The Alice’s Garage Fund is set to support 60 women-led startups by 2024 with applications currently open to early-stage investors looking to back women-led startups and forms part of LaunchVic’s aim to develop the angel investor and early-stage venture capital markets for the long-term success of Victoria’s startup sector.
McDonald, COO of LaunchVic, advises prospective women entrepreneurs looking for investment to seek out LaunchVic - who have funded six different angel syndicates, all of which are really friendly towards and open to applications from women.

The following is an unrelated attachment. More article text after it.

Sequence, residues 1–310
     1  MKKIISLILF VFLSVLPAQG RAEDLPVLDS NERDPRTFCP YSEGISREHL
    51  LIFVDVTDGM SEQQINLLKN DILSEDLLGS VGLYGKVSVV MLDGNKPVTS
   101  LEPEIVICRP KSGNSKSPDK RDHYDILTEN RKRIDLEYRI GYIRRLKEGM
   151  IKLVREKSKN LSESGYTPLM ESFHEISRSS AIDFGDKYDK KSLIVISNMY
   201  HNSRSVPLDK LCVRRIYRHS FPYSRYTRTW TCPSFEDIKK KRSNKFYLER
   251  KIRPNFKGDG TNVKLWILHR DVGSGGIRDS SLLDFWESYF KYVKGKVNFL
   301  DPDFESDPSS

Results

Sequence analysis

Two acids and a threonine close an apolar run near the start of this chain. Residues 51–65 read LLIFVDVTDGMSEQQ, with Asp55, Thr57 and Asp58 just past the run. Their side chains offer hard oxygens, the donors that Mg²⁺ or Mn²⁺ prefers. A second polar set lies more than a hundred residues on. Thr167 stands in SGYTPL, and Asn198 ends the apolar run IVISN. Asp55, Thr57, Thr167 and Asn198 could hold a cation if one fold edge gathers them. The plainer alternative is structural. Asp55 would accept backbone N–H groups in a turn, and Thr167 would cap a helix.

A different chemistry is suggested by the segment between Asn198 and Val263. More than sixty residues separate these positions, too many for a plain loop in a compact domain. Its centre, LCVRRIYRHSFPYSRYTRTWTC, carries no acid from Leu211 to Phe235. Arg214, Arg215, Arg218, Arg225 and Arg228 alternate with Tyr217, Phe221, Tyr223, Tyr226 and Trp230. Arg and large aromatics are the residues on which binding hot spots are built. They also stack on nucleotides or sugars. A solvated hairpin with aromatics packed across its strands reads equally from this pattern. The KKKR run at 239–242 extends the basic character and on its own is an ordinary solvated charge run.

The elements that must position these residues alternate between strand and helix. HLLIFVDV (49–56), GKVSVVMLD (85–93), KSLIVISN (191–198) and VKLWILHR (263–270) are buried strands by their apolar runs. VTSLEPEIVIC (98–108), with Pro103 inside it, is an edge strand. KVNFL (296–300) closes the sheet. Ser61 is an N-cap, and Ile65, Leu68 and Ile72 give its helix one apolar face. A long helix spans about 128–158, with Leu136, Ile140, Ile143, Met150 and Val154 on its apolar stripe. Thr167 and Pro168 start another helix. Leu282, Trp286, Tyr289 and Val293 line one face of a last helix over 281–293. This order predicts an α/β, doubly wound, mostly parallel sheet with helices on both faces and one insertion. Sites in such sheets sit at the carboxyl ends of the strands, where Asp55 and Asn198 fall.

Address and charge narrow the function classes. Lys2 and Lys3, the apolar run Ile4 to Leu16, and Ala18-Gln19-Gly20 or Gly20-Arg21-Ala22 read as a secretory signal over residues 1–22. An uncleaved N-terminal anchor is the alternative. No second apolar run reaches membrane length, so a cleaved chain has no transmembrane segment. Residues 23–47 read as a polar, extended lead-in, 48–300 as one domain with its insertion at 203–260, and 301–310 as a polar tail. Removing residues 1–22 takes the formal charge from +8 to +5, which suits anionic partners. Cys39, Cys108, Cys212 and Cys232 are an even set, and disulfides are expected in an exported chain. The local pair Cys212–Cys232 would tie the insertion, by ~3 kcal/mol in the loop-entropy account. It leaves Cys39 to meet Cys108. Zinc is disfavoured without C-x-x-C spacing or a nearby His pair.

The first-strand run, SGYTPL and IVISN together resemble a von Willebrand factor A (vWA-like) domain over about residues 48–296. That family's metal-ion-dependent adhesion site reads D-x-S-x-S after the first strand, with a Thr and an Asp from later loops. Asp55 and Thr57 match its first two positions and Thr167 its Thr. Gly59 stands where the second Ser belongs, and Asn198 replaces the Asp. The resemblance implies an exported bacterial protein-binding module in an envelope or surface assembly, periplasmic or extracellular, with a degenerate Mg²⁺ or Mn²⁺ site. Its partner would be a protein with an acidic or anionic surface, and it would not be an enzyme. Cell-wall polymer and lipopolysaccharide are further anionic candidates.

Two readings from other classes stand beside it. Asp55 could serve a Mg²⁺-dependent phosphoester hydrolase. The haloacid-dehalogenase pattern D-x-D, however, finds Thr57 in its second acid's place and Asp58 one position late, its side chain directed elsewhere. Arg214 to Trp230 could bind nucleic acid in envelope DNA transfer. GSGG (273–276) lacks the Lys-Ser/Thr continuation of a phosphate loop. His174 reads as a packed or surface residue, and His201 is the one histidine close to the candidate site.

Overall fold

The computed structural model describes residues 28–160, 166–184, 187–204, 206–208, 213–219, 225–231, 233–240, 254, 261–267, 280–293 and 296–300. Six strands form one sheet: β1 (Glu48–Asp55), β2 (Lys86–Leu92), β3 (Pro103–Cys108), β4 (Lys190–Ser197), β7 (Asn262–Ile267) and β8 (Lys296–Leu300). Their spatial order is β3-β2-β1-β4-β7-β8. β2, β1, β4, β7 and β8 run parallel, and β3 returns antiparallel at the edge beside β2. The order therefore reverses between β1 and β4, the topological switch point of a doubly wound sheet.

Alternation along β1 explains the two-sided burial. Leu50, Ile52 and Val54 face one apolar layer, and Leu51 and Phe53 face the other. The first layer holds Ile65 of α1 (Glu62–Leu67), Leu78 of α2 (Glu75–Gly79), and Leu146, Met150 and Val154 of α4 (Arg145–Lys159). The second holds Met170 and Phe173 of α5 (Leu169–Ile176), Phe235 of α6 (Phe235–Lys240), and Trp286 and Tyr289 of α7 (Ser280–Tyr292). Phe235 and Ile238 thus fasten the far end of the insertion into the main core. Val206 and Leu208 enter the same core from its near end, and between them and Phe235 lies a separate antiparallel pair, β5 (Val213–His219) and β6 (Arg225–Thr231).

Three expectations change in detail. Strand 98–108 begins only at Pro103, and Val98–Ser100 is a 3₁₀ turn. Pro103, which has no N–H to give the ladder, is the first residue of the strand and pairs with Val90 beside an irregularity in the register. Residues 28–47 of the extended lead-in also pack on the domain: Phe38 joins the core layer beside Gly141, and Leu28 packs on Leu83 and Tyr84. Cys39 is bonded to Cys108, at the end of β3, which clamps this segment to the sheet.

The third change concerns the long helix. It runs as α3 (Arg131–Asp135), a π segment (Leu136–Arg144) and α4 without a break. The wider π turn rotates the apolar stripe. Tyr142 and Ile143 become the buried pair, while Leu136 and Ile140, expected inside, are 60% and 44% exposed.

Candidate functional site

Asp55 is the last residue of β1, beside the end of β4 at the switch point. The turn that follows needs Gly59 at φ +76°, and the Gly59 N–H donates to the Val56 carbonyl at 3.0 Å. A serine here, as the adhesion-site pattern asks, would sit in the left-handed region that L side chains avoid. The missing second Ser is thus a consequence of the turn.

“First and foremost, you've got to have a really cracking business and that might be your first business, or your second, or your third time around - so perseverance and really keeping on going is obviously really important to female entrepreneurs,” McDonald said.
“I think beyond that it's looking for sympathetic investors that really want to back them and back the kinds of businesses that they're creating.”
Rather than advice for other female entrepreneurs, Agboola’s advice is directed towards investors.
“I think, from my experience, female founders are already grinding and working really hard. Usually, they're more likely to be bootstraps already just because they're not as many funding opportunities,” Agboola said.
“Really, what I'd say to investors out there is, look at the female founders that are in your networks, look how much they've achieved, usually with much, much less and recognize that with more support and more funding they’re going to 10X that return for you.”